Johnson Matthey has come far from its roots as a gold assayer in London’s Hatton Garden to become the world’s largest supplier of vehicle catalytic converters by volume

August 15, 2013 4:55 pm

Johnson Matthey looks to Brussels to drive up sales

By Mark Wembridge

Although devoid of links with famous historical figures that encourage such monuments in London, the British chemical engineering company believes that an event in 1974 at its plant is worthy of such note – it is the location where the world’s first catalytic converter was manufactured. Nearly four decades on, Johnson Matthey has grown to become the world’s largest supplier of vehicle catalytic converters by volume, with sales of devices that alter environmentally damaging car and truck emissions comprising more than half of the FTSE 100 company’s £2.7bn annual turnover. The group has come far from its roots as a gold assayer in London’s Hatton Garden, where it regularly burnt the floorboards and carpet in shops located in the London jewellery district to extract any leftover precious metals.On an August morning at its Royston R&D plant, chemists and engineers in white laboratory coats strive to create the most effective chemical formula for Johnson Matthey’s catalytic converters.

The adjoining building plays host to a scene that could be straight out of BBC TV programme Top Gear, where a red sports car and an eastern European sedan await their turn to have the effectiveness of their catalytic converters tested in a sealed room by a robotic driver.

Yet Johnson Matthey does not create the ceramic or metal substrates that form the base of the catalytic converters: it simply applies a high-tech coating that contains several grammes of platinum group metals – including palladium and rhodium – that alters the composition of exhaust gases.

“This technology is not easy to replicate,” says Neil Carson, Johnson Matthey chief executive.

By using a honeycombed format, each catalytic converter utilises a surface area equivalent to several football fields, maximising the contact between the exhaust and the chemical compound.

 

“You can perform a pretty good analysis of what [catalytic converters] contain, but not how they are put together. The real key to making a successful catalyst is getting the right components in the right place to effectively do that chemistry.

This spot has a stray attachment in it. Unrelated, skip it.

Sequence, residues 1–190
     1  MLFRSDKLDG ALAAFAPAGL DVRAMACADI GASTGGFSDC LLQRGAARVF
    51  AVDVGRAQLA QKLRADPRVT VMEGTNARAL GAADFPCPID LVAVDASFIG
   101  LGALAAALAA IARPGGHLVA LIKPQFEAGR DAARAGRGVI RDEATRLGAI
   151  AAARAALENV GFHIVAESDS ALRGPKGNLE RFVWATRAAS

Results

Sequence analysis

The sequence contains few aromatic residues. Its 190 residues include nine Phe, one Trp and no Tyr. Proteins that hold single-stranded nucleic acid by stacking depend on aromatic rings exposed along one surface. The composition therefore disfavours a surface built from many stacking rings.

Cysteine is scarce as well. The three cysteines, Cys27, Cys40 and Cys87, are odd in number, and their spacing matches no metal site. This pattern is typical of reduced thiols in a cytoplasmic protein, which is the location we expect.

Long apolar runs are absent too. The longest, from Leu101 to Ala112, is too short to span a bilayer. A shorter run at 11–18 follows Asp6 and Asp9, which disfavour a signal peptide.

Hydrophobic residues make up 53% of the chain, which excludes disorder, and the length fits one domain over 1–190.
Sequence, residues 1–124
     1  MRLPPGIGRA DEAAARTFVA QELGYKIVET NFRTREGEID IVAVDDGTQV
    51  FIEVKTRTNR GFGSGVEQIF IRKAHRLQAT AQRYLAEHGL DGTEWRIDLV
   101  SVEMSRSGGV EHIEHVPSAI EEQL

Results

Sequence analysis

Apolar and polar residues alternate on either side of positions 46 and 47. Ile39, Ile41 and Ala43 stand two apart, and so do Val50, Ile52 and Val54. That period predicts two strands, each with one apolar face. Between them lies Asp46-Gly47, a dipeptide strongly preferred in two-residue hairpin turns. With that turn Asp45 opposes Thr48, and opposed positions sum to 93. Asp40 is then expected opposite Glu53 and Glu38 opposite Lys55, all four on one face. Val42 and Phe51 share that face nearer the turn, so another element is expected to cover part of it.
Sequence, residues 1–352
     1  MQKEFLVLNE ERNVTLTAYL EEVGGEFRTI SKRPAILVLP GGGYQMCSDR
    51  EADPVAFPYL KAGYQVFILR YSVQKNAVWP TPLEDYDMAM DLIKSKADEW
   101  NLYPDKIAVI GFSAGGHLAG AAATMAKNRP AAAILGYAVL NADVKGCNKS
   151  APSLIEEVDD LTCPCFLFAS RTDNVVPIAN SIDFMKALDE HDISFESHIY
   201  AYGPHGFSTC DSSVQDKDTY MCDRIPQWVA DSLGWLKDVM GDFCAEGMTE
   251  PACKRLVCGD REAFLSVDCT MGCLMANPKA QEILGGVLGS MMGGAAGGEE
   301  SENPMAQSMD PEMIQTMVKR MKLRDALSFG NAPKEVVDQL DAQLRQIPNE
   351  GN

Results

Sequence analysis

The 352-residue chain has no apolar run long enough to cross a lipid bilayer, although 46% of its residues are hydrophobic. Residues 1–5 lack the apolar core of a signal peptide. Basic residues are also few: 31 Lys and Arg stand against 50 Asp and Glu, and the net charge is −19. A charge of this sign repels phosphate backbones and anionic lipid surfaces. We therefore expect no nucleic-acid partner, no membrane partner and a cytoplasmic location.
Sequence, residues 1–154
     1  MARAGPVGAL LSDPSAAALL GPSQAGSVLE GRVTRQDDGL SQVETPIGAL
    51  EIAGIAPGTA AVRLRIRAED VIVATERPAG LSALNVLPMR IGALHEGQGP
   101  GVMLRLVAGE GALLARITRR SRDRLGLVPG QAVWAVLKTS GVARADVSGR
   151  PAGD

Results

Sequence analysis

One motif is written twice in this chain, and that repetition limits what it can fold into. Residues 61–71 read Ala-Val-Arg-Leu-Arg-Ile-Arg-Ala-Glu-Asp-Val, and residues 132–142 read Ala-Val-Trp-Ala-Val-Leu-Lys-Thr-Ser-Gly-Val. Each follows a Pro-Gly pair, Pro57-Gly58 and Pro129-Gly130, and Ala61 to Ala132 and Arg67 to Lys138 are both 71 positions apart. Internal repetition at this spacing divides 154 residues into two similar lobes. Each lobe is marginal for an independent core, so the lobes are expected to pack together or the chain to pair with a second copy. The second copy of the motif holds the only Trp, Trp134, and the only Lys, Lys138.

“It is that complex. Tiny differences in the material can make a major difference in the performance.”

However, in its most recent annual results for the year to April, the British group endured a torrid time, as continental European vehicle sales fell to levels last seen in 1995 and dragged down pre-tax profit 13 per cent to £355m. Sales excluding precious metals – a measure that strips out fluctuating commodity prices – were flat at £2.7bn.

This was compounded by dwindling prices for platinum and palladium, industrial action in South Africa’s mining industry, problems at its Salt Lake City refinery and changes to a favourable contract with Anglo American Platinum.

“[The lower car sales] hurt because Europe’s a huge market for us. But we hope it has bottomed out,” says Mr Carson, who started his career at Johnson Matthey in 1980 as a graduate trainee, moving up to head the group in July 2004.

Although the group’s sales mimic the fluctuations in sales of cars and trucks, a silver lining can be found in the form of Brussels’ ever-tightening legislation governing car emissions.

“[New emissions] legislation actually drives our sales up, even in a flat [automotive] sales market,” says Mr Carson, whose company employs some 11,000 people across 30 countries.

Matthew Waugh, analyst at Credit Suisse, estimates that new emissions legislation “provides a quality earnings growth profile that places a lower dependence on cyclical upturn in markets compared with sector peers”.

After falling as low as £16 in late 2011, shares in Johnson Matthey have recovered to nudge the £30-mark in the past few months.

But Mr Carson is quick to acknowledge that in a world where electric and hydrogen-powered cars are poised to gain wider traction, Johnson Matthey must possess a broad portfolio of interests, should the market for catalytic converters wane.